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miRNAs and NAFLD: from pathophysiology to therapy
  1. Monika Gjorgjieva,
  2. Cyril Sobolewski,
  3. Dobrochna Dolicka,
  4. Marta Correia de Sousa,
  5. Michelangelo Foti
  1. Department of Cell Physiology and Metabolism, Faculty of Medicine, University of Geneva, Geneva, Switzerland
  1. Correspondence to Professor Michelangelo Foti, Department of Cell Physiology and Metabolism, Faculty of Medicine, University of Geneva, Geneva 1205, Switzerland; michelangelo.foti{at}unige.ch

Abstract

Non-alcoholic fatty liver disease (NAFLD) is associated with a thorough reprogramming of hepatic metabolism. Epigenetic mechanisms, in particular those associated with deregulation of the expressions and activities of microRNAs (miRNAs), play a major role in metabolic disorders associated with NAFLD and their progression towards more severe stages of the disease. In this review, we discuss the recent progress addressing the role of the many facets of complex miRNA regulatory networks in the development and progression of NAFLD. The basic concepts and mechanisms of miRNA-mediated gene regulation as well as the various setbacks encountered in basic and translational research in this field are debated. miRNAs identified so far, whose expressions/activities are deregulated in NAFLD, and which contribute to the outcomes of this pathology are further reviewed. Finally, the potential therapeutic usages in a short to medium term of miRNA-based strategies in NAFLD, in particular to identify non-invasive biomarkers, or to design pharmacological analogues/inhibitors having a broad range of actions on hepatic metabolism, are highlighted.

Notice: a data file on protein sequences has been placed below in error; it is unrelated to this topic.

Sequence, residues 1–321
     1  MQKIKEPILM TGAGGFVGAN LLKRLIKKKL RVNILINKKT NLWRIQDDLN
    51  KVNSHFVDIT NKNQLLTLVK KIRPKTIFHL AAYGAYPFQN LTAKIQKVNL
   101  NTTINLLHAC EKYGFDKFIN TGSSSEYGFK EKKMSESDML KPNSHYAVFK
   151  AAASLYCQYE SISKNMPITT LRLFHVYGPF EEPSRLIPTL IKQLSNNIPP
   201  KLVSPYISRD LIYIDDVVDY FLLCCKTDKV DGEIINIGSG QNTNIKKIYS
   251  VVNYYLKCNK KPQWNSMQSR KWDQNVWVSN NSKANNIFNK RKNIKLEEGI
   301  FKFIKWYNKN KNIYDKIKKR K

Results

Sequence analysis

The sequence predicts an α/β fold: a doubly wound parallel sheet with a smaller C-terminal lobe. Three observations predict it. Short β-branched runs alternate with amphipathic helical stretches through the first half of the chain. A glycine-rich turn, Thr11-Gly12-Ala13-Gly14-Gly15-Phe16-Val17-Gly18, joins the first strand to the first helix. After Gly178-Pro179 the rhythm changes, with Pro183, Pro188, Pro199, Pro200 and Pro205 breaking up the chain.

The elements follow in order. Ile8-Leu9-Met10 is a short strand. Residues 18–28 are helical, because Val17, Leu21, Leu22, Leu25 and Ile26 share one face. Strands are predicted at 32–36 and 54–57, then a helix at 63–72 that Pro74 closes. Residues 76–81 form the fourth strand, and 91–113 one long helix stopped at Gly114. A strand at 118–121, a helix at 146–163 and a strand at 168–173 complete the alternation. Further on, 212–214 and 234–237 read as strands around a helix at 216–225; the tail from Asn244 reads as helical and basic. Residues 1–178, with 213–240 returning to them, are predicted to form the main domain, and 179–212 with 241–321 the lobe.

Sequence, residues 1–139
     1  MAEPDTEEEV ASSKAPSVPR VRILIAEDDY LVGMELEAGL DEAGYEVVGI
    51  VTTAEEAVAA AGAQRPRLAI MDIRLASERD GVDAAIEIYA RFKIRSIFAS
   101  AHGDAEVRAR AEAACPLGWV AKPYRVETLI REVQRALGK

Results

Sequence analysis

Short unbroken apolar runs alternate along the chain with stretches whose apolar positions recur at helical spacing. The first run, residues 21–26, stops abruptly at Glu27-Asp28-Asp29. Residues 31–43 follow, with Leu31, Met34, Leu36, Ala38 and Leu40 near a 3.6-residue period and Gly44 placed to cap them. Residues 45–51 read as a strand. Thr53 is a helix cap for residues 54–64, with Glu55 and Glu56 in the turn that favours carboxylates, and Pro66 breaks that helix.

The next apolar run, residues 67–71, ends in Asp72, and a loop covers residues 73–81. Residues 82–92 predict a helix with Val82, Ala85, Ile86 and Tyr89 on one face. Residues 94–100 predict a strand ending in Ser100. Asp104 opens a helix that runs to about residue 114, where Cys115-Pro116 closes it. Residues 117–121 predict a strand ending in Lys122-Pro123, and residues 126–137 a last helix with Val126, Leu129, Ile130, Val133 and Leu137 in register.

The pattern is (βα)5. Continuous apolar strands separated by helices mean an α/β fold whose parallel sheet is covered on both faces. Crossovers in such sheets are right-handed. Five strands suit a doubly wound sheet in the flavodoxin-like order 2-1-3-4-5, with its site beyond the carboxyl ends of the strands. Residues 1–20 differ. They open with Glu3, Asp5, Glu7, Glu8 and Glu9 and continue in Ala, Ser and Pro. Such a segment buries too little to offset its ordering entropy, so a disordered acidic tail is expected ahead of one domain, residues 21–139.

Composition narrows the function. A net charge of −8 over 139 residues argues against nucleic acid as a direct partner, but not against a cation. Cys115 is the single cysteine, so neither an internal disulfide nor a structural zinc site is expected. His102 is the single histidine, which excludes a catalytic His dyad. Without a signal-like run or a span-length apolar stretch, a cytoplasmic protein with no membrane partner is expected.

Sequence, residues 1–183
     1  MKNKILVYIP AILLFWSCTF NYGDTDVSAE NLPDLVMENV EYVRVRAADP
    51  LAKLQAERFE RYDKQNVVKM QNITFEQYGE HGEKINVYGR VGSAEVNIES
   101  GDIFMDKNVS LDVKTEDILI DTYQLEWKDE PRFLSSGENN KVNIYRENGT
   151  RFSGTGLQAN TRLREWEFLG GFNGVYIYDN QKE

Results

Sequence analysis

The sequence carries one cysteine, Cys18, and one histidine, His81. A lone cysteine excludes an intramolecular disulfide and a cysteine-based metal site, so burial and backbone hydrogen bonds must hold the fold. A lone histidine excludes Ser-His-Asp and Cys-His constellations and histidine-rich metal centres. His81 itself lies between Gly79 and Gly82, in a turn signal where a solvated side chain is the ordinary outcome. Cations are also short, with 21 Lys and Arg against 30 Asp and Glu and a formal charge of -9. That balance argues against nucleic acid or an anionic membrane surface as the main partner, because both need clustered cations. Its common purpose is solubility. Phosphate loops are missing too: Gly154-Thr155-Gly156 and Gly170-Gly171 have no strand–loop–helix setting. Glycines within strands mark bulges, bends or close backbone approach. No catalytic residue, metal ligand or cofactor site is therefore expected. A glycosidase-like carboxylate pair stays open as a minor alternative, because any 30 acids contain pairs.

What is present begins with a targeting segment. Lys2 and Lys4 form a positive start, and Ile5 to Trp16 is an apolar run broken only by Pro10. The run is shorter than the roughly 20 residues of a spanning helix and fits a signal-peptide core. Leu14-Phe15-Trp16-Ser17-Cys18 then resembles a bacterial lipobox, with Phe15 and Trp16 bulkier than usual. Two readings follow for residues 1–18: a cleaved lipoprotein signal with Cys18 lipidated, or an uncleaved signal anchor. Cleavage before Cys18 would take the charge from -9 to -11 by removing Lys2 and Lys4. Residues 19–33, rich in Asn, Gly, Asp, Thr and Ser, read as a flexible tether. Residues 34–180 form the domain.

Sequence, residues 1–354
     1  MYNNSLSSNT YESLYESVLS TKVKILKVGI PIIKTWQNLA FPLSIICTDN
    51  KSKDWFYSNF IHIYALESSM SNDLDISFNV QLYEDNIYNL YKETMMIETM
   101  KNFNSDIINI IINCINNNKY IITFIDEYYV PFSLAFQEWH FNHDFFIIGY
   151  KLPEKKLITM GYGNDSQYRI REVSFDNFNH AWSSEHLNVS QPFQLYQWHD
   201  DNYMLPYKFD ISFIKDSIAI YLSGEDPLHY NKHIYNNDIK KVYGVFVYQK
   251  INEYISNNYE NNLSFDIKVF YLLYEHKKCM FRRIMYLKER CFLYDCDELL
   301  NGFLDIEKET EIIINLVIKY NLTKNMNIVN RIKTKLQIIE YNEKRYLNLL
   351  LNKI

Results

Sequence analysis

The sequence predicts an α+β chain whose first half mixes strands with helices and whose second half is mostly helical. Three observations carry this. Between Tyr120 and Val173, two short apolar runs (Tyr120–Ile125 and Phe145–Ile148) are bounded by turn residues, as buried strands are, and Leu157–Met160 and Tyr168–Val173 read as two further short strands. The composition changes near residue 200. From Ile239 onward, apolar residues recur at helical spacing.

• chronic liver disease
  • fatty liver
  • lipid metabolism
  • liver metabolism
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Footnotes

  • Contributors All authors significantly contributed to the writing of the manuscript and design artworks.

  • Funding This work was supported by the Swiss National Science Foundation (Grant 310030-172862 and CRSII3-160717) and the Swiss Cancer Research Foundation (Grant KFS-4094-02-2017). The figures were constructed with images taken from Servier Medical Art collection.

  • Competing interests None declared.

  • Provenance and peer review Commissioned; externally peer reviewed.

  • Patient consent for publication Not required.

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